It is a consistent argument and at last directed where it should be directed: at the Archbishop who seems to have both hands gripping the steering wheel set against bishops in office who will say nothing. I think it is such a consistent argument and so well directed that it is an exocet against this Covenant.

http://pluralistspeaks.blogspot.com/2009/10/exocet-at-last.html

Posted by: Pluralist on Saturday, 10 October 2009 at 6:19am BST

Who will they send to Uppsala for the consecration due in 5 weeks?

Posted by: Göran Koch-Swahne on Saturday, 10 October 2009 at 7:58am BST

What Bishop Peter says sounds very good. But why is it that only retired bishops can openly speak any sense on this issue?

Posted by: Fr Mark on Saturday, 10 October 2009 at 9:02am BST

I do not read Bishop Selby's comments as directed against the proposed Covenant per se, but rather at Archbishop Rowan's post-GC "Reflections" and the "spin" from the ACI+Wright. Of course, in our day spin has come to be the dominating force: beginning with the spinning of Lambeth 1.10 into "the teaching of the Communion." It seems to me the caution here is that should a Covenant be adopted it might find itself spun in similar ways, and used as a sifter rather than a container -- a means to separate rather than to unite.

Posted by: Tobias Haller on Saturday, 10 October 2009 at 3:28pm BST

I read Selby as finally having the courage to name the elephant in our global Anglican rooms, rather deftly and accurately.

What piles of unnamed elephant dung lie all around us these days, with everybody thinking, I'd better watch just exactly where I step here? Less and less that is supposed to be quintessentially Anglican these days happens to pass a common sense, real world Anglican believer smell test?

The queer folks RW and others are so oddly doubtful of, we already know up close and personal - our extended family members, our average to excellently competent coworkers, our school mates, our club mates, our neighborhood watch members, our parents' club members, our friends.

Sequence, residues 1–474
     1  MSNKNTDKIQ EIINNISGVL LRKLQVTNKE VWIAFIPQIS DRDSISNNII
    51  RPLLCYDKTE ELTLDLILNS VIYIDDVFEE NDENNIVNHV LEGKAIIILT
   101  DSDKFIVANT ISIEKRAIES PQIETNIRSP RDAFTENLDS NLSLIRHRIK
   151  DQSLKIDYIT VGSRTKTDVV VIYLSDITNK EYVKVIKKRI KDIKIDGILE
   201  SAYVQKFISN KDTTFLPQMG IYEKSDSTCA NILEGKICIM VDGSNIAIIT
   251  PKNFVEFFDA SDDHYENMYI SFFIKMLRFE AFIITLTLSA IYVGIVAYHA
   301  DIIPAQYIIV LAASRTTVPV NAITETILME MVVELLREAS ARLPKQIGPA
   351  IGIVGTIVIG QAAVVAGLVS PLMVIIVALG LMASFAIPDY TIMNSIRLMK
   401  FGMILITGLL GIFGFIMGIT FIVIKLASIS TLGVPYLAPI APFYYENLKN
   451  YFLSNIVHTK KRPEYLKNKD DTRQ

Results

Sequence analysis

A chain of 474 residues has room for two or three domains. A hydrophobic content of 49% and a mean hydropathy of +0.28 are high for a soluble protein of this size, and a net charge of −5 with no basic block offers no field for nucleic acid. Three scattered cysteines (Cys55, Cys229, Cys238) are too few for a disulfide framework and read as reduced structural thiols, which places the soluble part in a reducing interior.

RW makes a grave error indeed when he talks as if he can still get some solid gold credit somewhere for publishing the ethical and practical falsehoods he is still using to summarize what queer stuff is, and how queer folks now live among us? There is no ethics credit for clinging to all the old fears and ignorances about queer folks in particular, or human embodiment generally?

As to the personal elements in Rowan William's odd shutting down when it comes to the human body - nobody talks much about the dramatically changed sciences that ground our changing senses of embodiment in a wild and wooly era of significant transition? Instead we focus on the hot button queer stuff? - I constantly shift and suppose, guessing among several factors.

Sometimes, RW looks to be suffering some sort of PTSD, at least some features of it. He seems like an Anglican leader having odd flash backs, such that he goes all rigid and rote just when we would expect a mind and heart of his reputed keen caliber to go all Anglican, instead, acknowledging the complexities while grounding a typical Anglican Via Media for living with those complexities.

Other times - the JJohn affair? WO & bishops, next? - RW acts pretty much like a USA Senator whose vote and leadership has been bought off by some Really Big Money. Big Pharma? Big Oil & Gas?

Finally, I really appreciate Selby for tagging this whole spin doctored business of who represents whom, and what message is being enacted to elevate or demean what audience.

Bravo, bravo, bravo.

Not in my Anglican name must surely be followed closely by Not in God's Name, for believers?

Posted by: drdanfee on Saturday, 10 October 2009 at 7:09pm BST

I would give this some credit if the author were still drawing a salary rather than a pension.

Posted by: Martin Reynolds on Sunday, 11 October 2009 at 12:43am BST

"I would give this some credit if the author were still drawing a salary rather than a pension."